Diana M. Raab is a nurse, a poet, a writer, and a healer - if healing is a even a weak descriptor for wellness of body and mind and spirit. Rabb has found these delicate but timeless threads of connection and shares them with us in this collection of poems LISTENING TO AFRICA. A poet of the pioneering sort she stepped out of the comfort of her home and accompanied her family to the nest of secrets that bud in Africa. The result is a collection of photographs, some simply reproduced and others manipulated in a manner that seems to show the kindred lines between man and the animals about whom she writes with such caring and respect.

Raab's oems are simple in format which is to say that her messages are quickly grasped without wading through challenges in style. And that is in keeping with her subject matter - life at its most sublimely basic state. These are meditation and celebrations of a place new tot he poet and new to many of us. Some examples follow:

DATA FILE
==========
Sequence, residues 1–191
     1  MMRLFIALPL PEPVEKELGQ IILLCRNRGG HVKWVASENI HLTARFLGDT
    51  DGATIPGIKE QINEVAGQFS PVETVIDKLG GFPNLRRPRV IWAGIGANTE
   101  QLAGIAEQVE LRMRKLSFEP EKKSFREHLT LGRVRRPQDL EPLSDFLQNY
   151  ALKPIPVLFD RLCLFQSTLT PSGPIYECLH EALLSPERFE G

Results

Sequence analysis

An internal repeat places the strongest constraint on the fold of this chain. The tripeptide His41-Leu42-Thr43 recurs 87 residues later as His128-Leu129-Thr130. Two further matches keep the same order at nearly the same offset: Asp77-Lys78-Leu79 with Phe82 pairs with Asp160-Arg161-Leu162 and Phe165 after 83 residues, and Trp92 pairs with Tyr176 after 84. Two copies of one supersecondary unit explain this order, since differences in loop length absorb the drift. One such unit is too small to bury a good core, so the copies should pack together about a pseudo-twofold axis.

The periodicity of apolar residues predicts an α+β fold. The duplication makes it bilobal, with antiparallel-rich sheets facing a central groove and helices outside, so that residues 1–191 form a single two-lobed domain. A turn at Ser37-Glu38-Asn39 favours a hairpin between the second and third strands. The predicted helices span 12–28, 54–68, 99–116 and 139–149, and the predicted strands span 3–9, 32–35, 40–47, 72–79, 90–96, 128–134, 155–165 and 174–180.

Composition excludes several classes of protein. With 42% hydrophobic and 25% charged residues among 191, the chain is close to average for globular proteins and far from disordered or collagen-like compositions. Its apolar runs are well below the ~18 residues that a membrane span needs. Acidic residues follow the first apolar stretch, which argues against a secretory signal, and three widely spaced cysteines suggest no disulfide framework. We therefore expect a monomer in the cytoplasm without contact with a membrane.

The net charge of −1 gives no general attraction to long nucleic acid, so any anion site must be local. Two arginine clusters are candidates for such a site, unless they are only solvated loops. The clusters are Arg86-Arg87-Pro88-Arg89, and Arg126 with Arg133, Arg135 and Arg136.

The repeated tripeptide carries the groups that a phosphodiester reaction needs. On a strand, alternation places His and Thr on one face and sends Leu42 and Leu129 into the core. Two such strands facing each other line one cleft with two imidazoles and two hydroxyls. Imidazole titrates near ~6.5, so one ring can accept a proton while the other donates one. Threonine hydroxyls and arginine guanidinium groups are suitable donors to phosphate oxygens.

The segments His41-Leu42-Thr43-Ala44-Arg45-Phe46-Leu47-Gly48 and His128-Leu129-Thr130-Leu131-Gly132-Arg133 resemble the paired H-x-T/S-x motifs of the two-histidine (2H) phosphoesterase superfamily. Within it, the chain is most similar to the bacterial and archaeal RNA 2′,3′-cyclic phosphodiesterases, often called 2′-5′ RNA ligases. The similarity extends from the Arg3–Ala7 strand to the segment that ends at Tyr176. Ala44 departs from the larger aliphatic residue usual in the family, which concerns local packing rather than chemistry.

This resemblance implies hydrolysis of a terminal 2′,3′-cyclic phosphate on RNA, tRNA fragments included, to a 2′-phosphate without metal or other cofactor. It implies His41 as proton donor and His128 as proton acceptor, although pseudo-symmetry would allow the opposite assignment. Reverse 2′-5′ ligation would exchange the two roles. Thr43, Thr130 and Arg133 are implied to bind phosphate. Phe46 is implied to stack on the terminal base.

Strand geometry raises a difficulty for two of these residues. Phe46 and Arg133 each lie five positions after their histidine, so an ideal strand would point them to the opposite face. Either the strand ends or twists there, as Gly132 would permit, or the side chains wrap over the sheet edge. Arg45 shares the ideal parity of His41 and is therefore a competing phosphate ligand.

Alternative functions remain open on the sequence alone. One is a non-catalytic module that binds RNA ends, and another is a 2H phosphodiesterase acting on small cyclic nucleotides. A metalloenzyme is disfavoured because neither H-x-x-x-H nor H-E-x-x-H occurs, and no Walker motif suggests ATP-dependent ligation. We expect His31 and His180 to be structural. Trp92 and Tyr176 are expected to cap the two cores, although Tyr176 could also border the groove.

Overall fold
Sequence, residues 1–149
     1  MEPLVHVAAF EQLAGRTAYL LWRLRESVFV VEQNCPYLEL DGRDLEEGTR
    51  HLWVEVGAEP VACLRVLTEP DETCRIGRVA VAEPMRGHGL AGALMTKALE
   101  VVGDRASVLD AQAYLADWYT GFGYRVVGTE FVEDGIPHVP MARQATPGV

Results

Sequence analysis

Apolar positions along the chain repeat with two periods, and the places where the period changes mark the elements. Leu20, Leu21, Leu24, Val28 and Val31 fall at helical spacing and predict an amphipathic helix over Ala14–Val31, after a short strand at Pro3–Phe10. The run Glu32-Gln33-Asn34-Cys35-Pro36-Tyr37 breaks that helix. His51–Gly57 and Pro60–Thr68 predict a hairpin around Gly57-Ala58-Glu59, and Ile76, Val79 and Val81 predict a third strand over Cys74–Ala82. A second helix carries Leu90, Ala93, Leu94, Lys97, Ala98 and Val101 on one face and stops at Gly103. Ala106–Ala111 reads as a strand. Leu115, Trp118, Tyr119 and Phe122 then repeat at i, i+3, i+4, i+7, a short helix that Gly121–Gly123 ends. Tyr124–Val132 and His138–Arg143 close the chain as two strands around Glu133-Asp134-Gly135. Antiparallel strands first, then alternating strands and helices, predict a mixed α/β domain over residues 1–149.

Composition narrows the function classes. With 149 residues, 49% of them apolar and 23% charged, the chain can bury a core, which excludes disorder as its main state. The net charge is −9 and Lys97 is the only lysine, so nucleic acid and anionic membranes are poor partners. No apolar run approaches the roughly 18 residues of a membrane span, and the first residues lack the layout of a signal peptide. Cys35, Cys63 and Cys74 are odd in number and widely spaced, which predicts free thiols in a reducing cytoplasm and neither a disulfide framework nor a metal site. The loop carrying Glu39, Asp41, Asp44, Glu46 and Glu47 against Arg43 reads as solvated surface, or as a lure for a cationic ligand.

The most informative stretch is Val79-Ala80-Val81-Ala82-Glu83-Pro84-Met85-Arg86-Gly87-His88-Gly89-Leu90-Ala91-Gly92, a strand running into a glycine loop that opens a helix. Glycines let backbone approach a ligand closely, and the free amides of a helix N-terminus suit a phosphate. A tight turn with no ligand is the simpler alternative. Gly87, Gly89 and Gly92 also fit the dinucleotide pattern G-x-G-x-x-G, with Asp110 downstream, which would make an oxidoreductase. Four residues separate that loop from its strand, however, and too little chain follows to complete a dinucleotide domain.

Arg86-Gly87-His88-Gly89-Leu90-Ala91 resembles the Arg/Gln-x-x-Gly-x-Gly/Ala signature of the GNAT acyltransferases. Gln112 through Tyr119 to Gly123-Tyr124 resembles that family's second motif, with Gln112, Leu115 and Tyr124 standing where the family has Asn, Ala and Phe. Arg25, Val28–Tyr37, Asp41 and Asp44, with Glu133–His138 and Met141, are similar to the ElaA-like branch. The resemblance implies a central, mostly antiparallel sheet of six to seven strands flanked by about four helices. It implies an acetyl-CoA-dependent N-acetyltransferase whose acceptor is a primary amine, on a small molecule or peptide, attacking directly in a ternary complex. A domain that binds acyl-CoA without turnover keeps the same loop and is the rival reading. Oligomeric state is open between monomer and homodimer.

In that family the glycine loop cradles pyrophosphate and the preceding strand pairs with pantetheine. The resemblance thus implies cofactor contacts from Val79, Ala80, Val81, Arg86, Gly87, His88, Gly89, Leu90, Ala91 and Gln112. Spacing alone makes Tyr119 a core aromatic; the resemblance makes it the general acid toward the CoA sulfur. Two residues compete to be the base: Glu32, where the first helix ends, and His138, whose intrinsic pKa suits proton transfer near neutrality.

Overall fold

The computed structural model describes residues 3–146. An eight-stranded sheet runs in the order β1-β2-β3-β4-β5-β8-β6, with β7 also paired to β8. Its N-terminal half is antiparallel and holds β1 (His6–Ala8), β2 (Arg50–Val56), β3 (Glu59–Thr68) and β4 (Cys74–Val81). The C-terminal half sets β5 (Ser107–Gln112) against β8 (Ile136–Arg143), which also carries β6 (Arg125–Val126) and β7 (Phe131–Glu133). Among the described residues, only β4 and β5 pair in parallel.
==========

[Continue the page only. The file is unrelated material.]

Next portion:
THE GENTLEST ANIMAL

has toes even, unlike mine - my second,
larger than the first, which they say

points to creativity - but
the giraffe is much more creative

it seems because of where he reaches
for his sustenance.

Here in Africa I fell in love
with the giraffe and on our

last day, market day,
snatched a wooden purple-spotted one,

standing tall, staring into my green eyes,
to become my single souvenir and carry-on.

Is it their gentleness
or the reminder of my own neck's woes
which draws me to them?
Read more ›
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1 of 1 people found the following review helpful By Bonnie Brody TOP 500 REVIEWERVINE VOICE on June 5, 2012